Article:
60 cops hurt, 13 protesters arrested, but none indicted for Amona rioting
3 weeks on, prosecutors yet to receive results of investigations into violent resistance during outpost evacuation
Judah Ari Gross is The Times of Israel's religions and Diaspora affairs correspondent.
Dozens of police officers were wounded during the evacuation of the Amona outpost three weeks ago, but as of Thursday, no indictments had been filed against their attackers.
Thirteen protesters were arrested during the two-day evacuation effort for “disturbing the peace and using violence against officers,” according to police.
During the evacuation of the illegal settlement on February 1 and 2, some 60 officers were injured. According to police, protesters hurled rocks at the officers, threw bleach and acid at them, hit them with metal rods and sprayed them with tear gas. Fifteen protesters also received medical treatment, some for injuries sustained during the evacuation and others for hypothermia.
One officer is reportedly at risk of losing vision in his left eye after a protester hit him in the face with a metal chain.
He received treatment at Safed’s Ziv Hospital and has since been released to recuperate at home, the hospital said.
Another officer had his shoulder dislocated. The rest suffered mostly minor injuries, bruises, superficial cuts and chemical burns, according to medical officials.
Immediately following the evacuation, a busload of detained demonstrators shattered the windows of a bus that was transporting them away from the settlement and attempted to flee. One protester also smashed a police cruiser’s rear window with a large rock.
The State Attorney’s Office has yet to press charges against any offenders, as it hasn’t received the results of the investigations from police, a spokesperson said this week.
A spokesperson for the police said the investigations into the incidents were “ongoing.” However, he would not elaborate on what was holding up their completion.
The spokesperson acknowledged that most of the suspects were caught in the act of attacking officers or immediately afterward, which would presumably mean there should be little confusion as to who was involved. The police had also deployed multiple representatives of its “criminal identification” unit throughout the settlement with still and video cameras to document the evacuation operation.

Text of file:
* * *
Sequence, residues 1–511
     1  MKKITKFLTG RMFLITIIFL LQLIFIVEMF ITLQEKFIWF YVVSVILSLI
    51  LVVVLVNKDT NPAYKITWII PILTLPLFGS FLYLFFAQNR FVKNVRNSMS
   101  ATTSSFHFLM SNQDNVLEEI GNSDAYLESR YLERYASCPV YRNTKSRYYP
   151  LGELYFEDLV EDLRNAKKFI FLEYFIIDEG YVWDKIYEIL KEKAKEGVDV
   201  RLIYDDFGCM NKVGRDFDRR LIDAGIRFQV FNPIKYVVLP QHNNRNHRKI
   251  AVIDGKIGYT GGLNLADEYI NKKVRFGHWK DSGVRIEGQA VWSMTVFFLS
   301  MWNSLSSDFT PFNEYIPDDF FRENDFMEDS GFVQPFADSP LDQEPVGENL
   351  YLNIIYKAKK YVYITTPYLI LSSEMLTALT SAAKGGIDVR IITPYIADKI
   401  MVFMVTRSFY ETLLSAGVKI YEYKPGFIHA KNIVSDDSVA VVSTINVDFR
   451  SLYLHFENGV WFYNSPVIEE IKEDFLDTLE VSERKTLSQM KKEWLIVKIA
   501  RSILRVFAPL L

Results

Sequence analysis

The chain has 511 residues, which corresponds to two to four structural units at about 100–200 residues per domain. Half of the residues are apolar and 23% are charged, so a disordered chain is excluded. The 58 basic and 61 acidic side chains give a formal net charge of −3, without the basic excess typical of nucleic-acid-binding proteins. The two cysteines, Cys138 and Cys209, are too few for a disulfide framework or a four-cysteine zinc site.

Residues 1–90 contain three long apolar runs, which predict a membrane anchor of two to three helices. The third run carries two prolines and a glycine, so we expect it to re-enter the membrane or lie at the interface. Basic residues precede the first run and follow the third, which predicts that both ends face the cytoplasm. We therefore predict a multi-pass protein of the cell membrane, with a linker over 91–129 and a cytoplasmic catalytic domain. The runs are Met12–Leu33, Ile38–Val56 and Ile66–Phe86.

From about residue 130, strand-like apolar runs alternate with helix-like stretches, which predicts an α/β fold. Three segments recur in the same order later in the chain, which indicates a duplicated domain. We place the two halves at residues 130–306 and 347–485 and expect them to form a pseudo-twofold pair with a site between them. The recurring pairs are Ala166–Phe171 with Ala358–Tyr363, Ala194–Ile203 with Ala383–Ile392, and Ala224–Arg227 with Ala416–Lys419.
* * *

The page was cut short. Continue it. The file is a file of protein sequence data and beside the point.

In comparison, ultra-Orthodox protesters arrested on Thursday, February 9 in Jerusalem, for disturbing the peace during violent demonstrations against army enlistment, were charged in court on Sunday, three days later.
Rocks, metal rods and tear gas
The protests against the evacuation were for the most part nonviolent. Police estimated that 1,000 people — the majority of them teenage boys — demonstrated in Amona, barricading themselves inside the outpost’s buildings and forcing officers to remove them one by one.
There were, however, two main incidents of violence: in the beginning of the evacuation, as officers made their way into the outpost; and at the end, when police cleared out Amona’s synagogue, where more extreme activists, mainly non-Amona residents, had barricaded themselves.
The officers were almost all unarmed and, with few exceptions, did not don protective body armor, instead wearing bright blue sweatshirts and caps. As they marched up the hill to the outpost, a handful of young demonstrators threw rocks and eggs at them.
When the officers started moving deeper into the settlement, more direct clashes broke out, mostly comprising pushing and shoving. But at times, these conflicts escalated. Protesters occasionally lobbed bottles of paint and bleach at police.
The actual evacuation of the outpost’s buildings passed with few incidents on the first day. Most protesters were led out on foot, and only a few were forcibly carried out by police officers.
By the next morning, every building but the settlement’s synagogue was cleared out. The house of worship became a last stand for the protesters, holed up inside with metal rods, chains, tear gas and other corrosive chemicals.
It was in evacuating the synagogue that the majority of the police officers were injured. According to police, 24 officers were injured on the first day and the other 36 on the second day. Some of them were taken to the hospital for treatment, while other received medical care on site.
When the synagogue was finally cleared, police found that protesters had drawn graffiti on the walls, including a swastika that was meant to imply the Israel Police was a Nazi organization.
The violent end to the evacuation was met with widespread condemnation. Amona residents distanced themselves from the more aggressive protesters, stressing that they were not residents of the outpost.
At the time, Public Security Minister Gilad Erdan said he expected police “to bring to justice all those who used violence against security forces.”
Erdan’s office did not respond to a Times of Israel request for comment on the apparent delay in the police investigations.